The Lean Startup (2011) helps start-ups and tech companies develop sustainable business models using continuous rapid prototyping and focusing on customer-feedback data. The method is based on the concepts of lean manufacturing and agile development, it backed up by insightful case studies from the last few decades.
Tribes We Need You to Lead Us by Seth Godin
Seth Godin reveals the most powerful unit of social organization: the “tribe,” a group of people connected to a cause who together drive change in society. It shares how we can harness the power of the internet to form and lead our own tribes. Tribes also advocates the need for change and leadership, so we can grow as a company or as a society.
How Will You Measure Your Life? by Clayton M. Christensen, James Allworth & Karen Dillon
As a leading business expert and cancer survivor, Clayton M. Christensen provides you with his unique insight on how to lead a life that brings both professional success and genuine happiness. Christensen touches on diverse topics such as motivation and how you can harness it, how to strengthen relationships with loved ones, and how to build a strong family culture.
Think and Grow Rich - The secrets of 40 millionaires' wealth by Napoleon Hill
The timeless classic, Think and Grow Rich (1937) investigates the methods of the 500 most successful people of this time, including the world’s richest men, politicians and famous inventors. Published amidst the Great Depression, Think and Grow Rich has sold over 100 million copies.
The 7 Habits of Highly Effective People - Learn the habits of those who achieved everything by Stephen R. Covey
Required reading for nearly every MBA, The Seven Habits of Highly Effective People (1989) is the influential self-help guide that teaches principles of effectiveness. Once you make these principles into habits, you’ll be well on your way to more success, both in your personal and your professional life. Change your habits and your life with this must-know self-help method beloved by millions.
Mastery - The Keys to Success and Long-Term Fulfillment by George Leonard
Mastery reveals how you can shift your mindset to achieve long-term success in new activities. Drawing on real examples from sports, psychology, and mindfulness, this book explains the five essential elements for achieving mastery in any discipline and give us the tools we need to bounce back from pitfalls.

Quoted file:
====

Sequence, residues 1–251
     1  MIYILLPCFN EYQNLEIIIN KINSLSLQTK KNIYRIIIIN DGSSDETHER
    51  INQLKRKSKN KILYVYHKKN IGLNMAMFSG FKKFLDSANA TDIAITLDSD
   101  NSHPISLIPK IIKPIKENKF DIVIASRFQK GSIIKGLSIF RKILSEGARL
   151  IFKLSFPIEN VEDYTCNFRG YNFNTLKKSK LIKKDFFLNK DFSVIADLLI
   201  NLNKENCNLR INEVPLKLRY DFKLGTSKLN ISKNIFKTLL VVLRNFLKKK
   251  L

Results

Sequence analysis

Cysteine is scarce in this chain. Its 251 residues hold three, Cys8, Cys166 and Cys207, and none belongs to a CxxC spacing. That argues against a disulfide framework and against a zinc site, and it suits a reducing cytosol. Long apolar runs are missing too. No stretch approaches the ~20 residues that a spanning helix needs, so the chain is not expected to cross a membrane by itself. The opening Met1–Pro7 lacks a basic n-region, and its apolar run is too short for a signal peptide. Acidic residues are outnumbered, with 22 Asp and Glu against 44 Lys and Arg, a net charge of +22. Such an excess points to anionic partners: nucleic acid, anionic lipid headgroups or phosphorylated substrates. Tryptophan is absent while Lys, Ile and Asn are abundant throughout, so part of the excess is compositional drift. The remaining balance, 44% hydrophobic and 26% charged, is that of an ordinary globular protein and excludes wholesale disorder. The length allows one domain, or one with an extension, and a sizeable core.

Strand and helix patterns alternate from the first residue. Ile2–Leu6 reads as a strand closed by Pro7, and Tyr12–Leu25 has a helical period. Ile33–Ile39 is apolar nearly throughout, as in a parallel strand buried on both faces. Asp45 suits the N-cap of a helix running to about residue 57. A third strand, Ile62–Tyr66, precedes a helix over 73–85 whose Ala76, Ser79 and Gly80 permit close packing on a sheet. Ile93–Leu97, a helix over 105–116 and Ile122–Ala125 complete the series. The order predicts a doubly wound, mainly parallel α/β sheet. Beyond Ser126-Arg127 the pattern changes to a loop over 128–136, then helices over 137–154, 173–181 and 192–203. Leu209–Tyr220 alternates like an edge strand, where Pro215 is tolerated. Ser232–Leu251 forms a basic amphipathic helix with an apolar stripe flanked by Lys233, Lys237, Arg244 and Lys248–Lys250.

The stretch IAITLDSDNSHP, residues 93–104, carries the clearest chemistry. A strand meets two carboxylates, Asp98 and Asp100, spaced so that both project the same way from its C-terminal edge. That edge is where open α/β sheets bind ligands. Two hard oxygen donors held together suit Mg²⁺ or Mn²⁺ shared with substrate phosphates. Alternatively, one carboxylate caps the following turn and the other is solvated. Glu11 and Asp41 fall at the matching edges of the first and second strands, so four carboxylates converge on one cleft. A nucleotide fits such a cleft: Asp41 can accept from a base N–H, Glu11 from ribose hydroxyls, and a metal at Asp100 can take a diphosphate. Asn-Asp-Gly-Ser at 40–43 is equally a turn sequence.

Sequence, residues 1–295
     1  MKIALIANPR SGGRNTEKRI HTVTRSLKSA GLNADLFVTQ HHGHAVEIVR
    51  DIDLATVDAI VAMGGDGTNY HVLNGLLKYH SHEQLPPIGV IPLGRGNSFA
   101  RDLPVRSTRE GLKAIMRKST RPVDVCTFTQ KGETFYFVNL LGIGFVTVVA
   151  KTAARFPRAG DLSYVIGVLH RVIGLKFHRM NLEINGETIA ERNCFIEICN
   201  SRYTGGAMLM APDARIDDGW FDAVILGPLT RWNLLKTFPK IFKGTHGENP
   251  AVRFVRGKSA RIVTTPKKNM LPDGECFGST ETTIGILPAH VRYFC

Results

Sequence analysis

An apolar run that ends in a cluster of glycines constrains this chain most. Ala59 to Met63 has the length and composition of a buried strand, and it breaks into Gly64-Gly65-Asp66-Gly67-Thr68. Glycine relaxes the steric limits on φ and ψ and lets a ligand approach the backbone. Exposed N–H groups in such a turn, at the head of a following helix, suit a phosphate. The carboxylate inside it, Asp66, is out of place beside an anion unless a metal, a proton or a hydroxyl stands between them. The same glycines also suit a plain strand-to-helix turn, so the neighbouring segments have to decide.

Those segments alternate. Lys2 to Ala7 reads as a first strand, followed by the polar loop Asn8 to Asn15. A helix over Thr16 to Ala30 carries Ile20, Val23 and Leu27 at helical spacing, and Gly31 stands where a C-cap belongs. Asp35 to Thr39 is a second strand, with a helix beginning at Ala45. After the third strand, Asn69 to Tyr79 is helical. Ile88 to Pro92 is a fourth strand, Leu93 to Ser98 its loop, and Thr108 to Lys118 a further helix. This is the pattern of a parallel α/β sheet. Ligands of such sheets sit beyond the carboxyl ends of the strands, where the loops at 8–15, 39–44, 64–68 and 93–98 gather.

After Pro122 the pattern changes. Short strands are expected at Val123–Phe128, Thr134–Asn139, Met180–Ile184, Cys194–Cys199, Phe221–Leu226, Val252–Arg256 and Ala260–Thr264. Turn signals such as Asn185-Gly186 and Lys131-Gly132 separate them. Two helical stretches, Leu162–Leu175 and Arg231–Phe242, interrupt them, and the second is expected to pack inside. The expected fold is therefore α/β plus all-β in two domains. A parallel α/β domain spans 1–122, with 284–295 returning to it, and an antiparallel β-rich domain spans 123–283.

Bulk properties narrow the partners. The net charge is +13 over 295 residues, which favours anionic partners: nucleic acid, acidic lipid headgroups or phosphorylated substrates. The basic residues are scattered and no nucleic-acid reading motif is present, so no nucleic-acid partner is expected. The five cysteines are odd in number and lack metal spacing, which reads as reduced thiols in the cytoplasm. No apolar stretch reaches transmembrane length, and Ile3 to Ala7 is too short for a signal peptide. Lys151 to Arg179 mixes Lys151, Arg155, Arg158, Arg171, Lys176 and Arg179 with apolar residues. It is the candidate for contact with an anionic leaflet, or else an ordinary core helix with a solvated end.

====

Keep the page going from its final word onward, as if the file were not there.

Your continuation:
The War of Art - Break Through the Blocks and Win Your Inner Creative Battles by Steven Pressfield
The War of Art helps you identify your inner creative battles against fear and self-doubt and offers advice on how to win those battles. An inspirational book for anyone who’s had trouble realizing their passion, it offers an examination of those negative forces that keep you from realizing your dreams, and shows how you can defeat your fears to achieve your goals.
Rework by Jason Fried & David Heinemeier Hansson
Rework (2010) throws out the traditional notions of what it takes to run a business and offers a collection of unorthodox advice, ranging from productivity to communication and product development. These lessons are based on the authors’ own experiences in building, running and growing their company to a point where it generates millions of dollars in profits annually.
Made to Stick Why Some Ideas Survive and Others Die by Chip Heath and Dan Heath
Made to Stick is an excellent book that explains why some ideas become popular, while others wither and die. The book lays out the most important characteristics of what makes ideas “stick” in the mind, and how to make them work for you.
Blue Ocean Shift Beyond Competing – Proven Steps to Inspire Confidence and Seize New Growth by W. Chan Kim and Renée Mauborgne